Paul is pointing out that despite something being legal, it is not okay to do. It is not beneficial for a Christian to sue another brother or sister in Christ despite the fact that the law allows it. It is not okay to divorce someone for anything except marital unfaithfulness despite the fact that the law allows it. The law allows many things that are not beneficial to the Chrstian: pornography, lying (except to the authorities or in contracts), drunkeness, materialism, and idol worship. Most things that are sins are not illegal. Paul is pointing out that just because something is legal, that doesn't make it an action that a Christian should be participating in. We should not be focused on the minimum standards but upon a life of complete surrender. We should not be worried about the legalities but upon what is beneficial to others.

In the second passage he is talking specifically about eating meat sacrificed to idols. This one goes even more into the central idea of doing things for the common good. Freedom isn't about having a license to do whatever we want. We need to be focused on doing things that are for the good of all. Eating meat was legal. It wouldn't hurt an individual's faith to eat meat sacrificed to idols. But that wasn't the concern. We aren't to be selfishly focused on ourselves growing closer to God. We are to be concerned about others. We decided to follow Christ. And that means to completely give our lives up to God and follow the example Jesus showed in sacrificing his life for others. We grow in Christ in order to help others to grow.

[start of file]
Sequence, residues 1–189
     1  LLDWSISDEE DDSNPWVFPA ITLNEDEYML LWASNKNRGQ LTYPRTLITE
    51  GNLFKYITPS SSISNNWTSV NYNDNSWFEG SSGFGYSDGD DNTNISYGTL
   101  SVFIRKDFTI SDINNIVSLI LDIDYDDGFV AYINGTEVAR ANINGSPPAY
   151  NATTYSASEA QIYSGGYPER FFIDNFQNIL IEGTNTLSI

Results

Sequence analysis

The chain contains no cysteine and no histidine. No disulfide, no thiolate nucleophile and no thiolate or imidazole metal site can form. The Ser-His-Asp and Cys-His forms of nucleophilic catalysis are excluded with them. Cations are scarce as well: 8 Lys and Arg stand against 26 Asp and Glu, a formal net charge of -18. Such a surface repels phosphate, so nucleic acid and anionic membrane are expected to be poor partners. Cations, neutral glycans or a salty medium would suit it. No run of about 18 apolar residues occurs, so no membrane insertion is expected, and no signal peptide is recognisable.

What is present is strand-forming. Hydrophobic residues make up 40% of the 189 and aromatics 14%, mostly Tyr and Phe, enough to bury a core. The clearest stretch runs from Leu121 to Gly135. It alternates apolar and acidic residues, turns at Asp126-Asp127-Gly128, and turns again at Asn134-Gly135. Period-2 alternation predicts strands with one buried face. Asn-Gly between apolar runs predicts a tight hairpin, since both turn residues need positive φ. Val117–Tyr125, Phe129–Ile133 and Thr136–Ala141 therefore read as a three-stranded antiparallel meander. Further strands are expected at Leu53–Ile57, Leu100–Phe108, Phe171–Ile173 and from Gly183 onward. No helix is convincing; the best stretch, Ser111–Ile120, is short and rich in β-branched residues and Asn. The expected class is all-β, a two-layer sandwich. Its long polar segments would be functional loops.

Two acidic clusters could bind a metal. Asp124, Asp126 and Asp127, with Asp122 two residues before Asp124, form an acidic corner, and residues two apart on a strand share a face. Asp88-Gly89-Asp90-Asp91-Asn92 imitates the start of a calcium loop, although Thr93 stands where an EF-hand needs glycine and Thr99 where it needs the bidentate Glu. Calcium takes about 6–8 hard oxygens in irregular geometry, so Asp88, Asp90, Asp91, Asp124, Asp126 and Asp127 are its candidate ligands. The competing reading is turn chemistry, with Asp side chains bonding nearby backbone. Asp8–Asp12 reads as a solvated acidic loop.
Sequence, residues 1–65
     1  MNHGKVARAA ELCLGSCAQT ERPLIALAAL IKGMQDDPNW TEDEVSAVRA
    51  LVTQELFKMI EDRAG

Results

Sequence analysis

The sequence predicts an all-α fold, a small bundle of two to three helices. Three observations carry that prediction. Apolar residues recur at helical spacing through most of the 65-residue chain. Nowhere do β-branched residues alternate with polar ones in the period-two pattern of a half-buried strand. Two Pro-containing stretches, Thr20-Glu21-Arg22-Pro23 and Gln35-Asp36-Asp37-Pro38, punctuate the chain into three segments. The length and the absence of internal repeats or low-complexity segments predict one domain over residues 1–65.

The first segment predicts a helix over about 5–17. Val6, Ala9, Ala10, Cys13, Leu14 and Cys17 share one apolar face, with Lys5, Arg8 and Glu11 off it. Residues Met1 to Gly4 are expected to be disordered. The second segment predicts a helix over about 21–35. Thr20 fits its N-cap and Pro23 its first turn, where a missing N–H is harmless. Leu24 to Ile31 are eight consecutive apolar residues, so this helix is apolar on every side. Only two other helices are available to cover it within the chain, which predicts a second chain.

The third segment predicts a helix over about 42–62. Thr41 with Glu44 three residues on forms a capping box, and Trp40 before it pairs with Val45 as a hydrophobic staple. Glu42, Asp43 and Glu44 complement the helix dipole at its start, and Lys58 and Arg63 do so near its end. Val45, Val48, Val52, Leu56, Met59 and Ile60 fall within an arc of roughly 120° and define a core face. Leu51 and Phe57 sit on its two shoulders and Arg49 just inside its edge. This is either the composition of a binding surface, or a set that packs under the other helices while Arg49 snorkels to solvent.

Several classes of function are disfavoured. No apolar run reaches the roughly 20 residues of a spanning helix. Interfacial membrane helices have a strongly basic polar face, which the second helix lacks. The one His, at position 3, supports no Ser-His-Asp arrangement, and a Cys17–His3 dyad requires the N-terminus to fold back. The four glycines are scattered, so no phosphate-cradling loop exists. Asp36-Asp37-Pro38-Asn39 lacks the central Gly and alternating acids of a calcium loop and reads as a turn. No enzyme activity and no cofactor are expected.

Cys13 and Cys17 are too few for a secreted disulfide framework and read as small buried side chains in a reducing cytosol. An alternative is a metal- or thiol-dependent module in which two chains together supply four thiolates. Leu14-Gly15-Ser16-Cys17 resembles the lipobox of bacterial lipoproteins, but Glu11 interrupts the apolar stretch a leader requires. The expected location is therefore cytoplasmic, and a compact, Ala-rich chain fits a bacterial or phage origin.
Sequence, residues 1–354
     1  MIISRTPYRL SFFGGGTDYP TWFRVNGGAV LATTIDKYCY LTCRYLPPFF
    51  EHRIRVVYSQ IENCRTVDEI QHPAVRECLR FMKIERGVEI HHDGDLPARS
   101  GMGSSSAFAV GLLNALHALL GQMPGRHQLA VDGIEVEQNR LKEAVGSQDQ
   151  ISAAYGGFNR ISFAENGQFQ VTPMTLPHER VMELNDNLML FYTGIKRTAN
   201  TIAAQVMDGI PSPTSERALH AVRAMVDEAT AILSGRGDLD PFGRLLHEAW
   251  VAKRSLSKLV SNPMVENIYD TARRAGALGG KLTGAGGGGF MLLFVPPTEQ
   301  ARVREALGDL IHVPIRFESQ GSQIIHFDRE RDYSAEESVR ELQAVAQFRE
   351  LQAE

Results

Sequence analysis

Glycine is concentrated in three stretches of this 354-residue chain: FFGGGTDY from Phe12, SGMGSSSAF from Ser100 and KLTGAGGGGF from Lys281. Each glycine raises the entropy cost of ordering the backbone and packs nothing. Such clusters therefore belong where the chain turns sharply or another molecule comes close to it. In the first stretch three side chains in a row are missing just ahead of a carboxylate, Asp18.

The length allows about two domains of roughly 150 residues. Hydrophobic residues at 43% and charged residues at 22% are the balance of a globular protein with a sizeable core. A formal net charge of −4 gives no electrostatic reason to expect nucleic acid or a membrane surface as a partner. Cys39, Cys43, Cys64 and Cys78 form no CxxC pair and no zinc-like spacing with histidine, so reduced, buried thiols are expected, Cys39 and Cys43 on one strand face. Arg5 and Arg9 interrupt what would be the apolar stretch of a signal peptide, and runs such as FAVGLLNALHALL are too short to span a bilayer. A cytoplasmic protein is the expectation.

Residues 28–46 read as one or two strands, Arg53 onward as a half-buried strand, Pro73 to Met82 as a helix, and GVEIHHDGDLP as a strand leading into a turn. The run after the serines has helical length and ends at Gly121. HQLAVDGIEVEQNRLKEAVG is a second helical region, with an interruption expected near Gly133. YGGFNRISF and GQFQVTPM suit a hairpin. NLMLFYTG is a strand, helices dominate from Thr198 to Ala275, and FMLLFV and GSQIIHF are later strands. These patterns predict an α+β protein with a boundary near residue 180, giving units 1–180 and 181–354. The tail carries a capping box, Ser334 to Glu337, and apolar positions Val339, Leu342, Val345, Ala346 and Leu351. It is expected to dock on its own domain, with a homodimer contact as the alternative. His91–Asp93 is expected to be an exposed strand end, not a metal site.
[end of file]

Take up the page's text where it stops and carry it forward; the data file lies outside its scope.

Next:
"So, whether you eat or drink or whatever you do, do everything for the glory of God. Give no offense to Jews or to Greeks or to the church of God, just as I try to please everyone in everything I do, not seeking my own advantage, but that of many, so that they may be saved. Be imitators of me, as I am of Christ" (1 Cor 10:31-33).

"Take care that this liberty of yours does not somehow become a stumbling block to the weak" (1 Cor 8:9).

"But when you thus sin against members of your family, and wound their conscience when it is weak, you sin against Christ. Therefore, if food is a cause of their falling, I will never eat meat, so that I may not cause one of them to fall" (I Cor 8:12-14).

They had the freedom to eat meat sacrificed to idols. It was legal. However, they were to do it in such a way that it didn't tear down the weaker consciences of those who felt it was wrong to eat meat sacrificed to idols. And if that wasn't possible, what would be the benefit to the good of the whole if they were to continue doing it?

Selfless living is a tough concept to grasp in a culture that worships the god of individualism. But when we take off the clothes of this world and put on the holy life of Christ, we are throwing away selfish living and choosing to live for others. The almost ironic thing is that when this is done, true happiness that could never be found through individualism springs forth in our life.

We need to stop being worried about our liberties and our own lives and begin to be focused on living in such a way that our lives are beneficial to those around us. The selfless life of Christ is a tough act to follow. Let's be imitators of Christ.


Verses that make me think the theme of 1 Corinthians is about being one body:

1 Corinthians 1:10 - "Now I appeal to you, brothers and sisters, by the name of our Lord Jesus Christ, that all of you be in agreement and that there be no divisions among you, but that you be united in the same mind and the same purpose."

1 Corinthians 3:9 - "We are God's servants, working together; you are God's field, God's building."

1 Corinthians 8:13 - "Therefore, if food is a cause of their falling, I will never eat meat, so that I may not cause one of them to fall."